Wonderful. Well-realized themes of tolerance, understanding, and compassion are explored in a story that stars a heroine for all little girls (and boys). Bo is indeed brave, but also clever, kind, inquisitive, and resolute. Upon realizing that the so-called “monsters” are only sweet beasts going about their lives, and that the true monsters are her baby dragon-kidnapping brothers, Bo fearlessly faces down her siblings and subdues the frightened, fiery tot. She then dedicates her time to learning about the beasts, rather than hunting them. It’s a wonderful message of judging by character rather than appearance, and thinking critically. The Scandinavian-style illustrations have a limited yet expressive palette, and feature some wonderfully designed characters, settings and creatures. The length is perfect for a storytime, and JJ loved Bo and her monster friends. This is a wonderful story that explores what it truly means to be brave, and we enjoyed it immensely. Baby Bookworm approved!

(Note: A copy of this book was provided to The Baby Bookworm by the publisher in exchange for an honest review).

The Littlest Dragon (Jessica Minyard)

Hello, friends! Our book today is The Littlest Dragon by Jessica Minyard, a delightful indie tale of finding one’s courage.

In a distant sea, on the Island of Bones, there lives a tiny dragon named Bimnid. And on an island of great dragons, Bimnid can’t help but feel unimportant. He’s not the biggest, or the most beautiful, or the strongest. He doesn’t have the loudest roar, nor can he breathe plumes of smoke and flame. In fact, Bimnid doesn’t seem to be the “-est” anything… except the small-est. That is, until a ship full of fearsome dragon hunters is spotted on the horizon, and the dragons are thrown into a tizzy about what to do. Will Bimnid hide like the other dragons want to? Or will he find that he is the very best at something after all?

Very sweet. The structure of the story is fairly familiar: a previously unassuming character finds their courage in a moment of truth – Bimnid takes the initiative to march down to the dragon hunters and tell them off; they, not speaking dragon language and never having seen a dragon before, take in his comparatively towering size, growls, and hisses, and make a quick getaway. It’s a nice moment that proves one does not have to be the biggest, strongest, or loudest to be the bravest. The sentence structure in the text and the illustrations are slightly more uneven, though the incredibly creative character design of the different dragons is worthy of applause. The length is fine, and JJ liked this one a lot. A bit rough around the edges, but this dragon tale is definitely worth a look – Baby Bookworm approved!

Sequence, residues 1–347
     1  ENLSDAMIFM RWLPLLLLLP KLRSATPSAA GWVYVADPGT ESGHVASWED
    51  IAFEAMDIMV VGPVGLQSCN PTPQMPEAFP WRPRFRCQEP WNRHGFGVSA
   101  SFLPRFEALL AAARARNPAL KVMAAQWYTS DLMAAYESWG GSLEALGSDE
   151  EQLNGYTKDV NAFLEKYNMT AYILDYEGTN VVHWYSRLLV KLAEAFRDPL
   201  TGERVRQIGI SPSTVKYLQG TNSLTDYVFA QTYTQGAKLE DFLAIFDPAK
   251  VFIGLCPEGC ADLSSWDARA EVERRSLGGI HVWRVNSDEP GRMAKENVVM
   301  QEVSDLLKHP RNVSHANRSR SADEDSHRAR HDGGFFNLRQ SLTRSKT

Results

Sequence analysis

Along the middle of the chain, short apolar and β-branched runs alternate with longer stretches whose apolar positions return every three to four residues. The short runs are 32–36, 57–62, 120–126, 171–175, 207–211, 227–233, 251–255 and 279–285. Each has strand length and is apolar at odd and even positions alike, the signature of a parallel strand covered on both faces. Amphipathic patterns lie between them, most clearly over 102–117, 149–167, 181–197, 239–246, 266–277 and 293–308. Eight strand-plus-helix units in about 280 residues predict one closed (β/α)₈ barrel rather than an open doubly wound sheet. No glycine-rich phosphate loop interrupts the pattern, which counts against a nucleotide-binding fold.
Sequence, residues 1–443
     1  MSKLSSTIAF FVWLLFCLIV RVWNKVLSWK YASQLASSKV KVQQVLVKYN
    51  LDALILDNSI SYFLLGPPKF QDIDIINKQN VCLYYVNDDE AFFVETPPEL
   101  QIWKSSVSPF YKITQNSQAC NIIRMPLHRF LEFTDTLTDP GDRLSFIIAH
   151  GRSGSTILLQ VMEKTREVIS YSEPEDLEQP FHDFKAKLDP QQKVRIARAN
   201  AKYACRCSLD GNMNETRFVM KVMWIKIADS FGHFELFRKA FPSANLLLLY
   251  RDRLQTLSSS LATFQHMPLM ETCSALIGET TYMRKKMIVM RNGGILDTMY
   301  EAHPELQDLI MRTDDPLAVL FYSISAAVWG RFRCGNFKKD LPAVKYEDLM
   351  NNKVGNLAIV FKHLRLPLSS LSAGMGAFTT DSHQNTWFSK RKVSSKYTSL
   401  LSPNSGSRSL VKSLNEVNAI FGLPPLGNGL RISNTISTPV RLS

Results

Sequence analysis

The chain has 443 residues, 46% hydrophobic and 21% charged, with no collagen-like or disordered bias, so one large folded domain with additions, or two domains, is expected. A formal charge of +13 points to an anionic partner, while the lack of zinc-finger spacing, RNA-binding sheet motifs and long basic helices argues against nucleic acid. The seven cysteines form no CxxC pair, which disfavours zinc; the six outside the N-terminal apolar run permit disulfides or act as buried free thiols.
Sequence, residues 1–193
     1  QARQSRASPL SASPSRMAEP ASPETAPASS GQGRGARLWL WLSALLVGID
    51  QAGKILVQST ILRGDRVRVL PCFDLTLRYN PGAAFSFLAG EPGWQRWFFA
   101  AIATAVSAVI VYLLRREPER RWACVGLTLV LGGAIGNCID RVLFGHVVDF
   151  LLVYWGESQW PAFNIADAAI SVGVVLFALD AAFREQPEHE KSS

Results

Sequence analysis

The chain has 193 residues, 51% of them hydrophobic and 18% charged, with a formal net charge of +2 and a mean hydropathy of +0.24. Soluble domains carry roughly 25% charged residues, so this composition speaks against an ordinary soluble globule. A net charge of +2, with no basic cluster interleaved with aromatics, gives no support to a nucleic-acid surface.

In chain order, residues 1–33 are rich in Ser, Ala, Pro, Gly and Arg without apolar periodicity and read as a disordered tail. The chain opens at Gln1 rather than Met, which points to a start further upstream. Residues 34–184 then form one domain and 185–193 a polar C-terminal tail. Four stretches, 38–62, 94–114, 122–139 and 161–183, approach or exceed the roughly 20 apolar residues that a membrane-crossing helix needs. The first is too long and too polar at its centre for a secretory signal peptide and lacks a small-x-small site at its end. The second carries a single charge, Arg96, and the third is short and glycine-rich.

(Note: A copy of this book was provided to The Baby Bookworm by the author in exchange for an honest review.)

Buffy The Vampire Slayer (Jason Rekulak)

Hello, friends! Our book today is Buffy The Vampire Slayer, based on the series created by Joss Whedon, written by Jason Rekulak, and illustrated by Kim Smith.

Buffy is a slayer – a brave and tough defender against the forces of darkness. But she recalls a time when even she felt afraid. When she was only eight, she was terrified of her closet: creaking and bumping noises would sound from behind the door nightly. Buffy’s friends, Xander and Willow, offer to help her face her fear with a sleepover. Yet despite their fun, none of them can bring themselves to open the spooky door. The kids then turn to their school librarian, Giles, who explains that Buffy will be a great warrior someday, but that she already has greatness within her. He recommends that she find her courage and face her fears – it may even make the monsters think twice about messing with her. Buffy, Xander, and Willow have another sleepover, and when the creepy noises begin again, Buffy steels herself. Will she have the courage to open the door and face what’s inside?

A delightfully nerdy ode to the original show in kid-friendly form. While this tale is by no means canon – fans of the show will know that the Scoobies didn’t meet until high school – this classic tale of facing one’s fears is given a delightfully subversive (and very Buffy-style) twist. Buffy and company find that there’s nothing to be scared of; oh, there’s monsters a-plenty (in a wonderfully fan-service spread featuring some of the show’s favorite villains), but they aren’t as scary as they seem. And while some diehard Whedonites may balk at monsters like The Gentlemen or Sweet happily playing with the kids at the end, everyone will have a laugh at Buffy’s mom Joyce’s reaction to a bedroom full of partying demons. The length was fine, and JJ enjoyed the fantastic cartoon-style illustrations. A fun adventure for little bookworms, and a delightful trip down memory lane for adult fans – Baby Bookworm approved!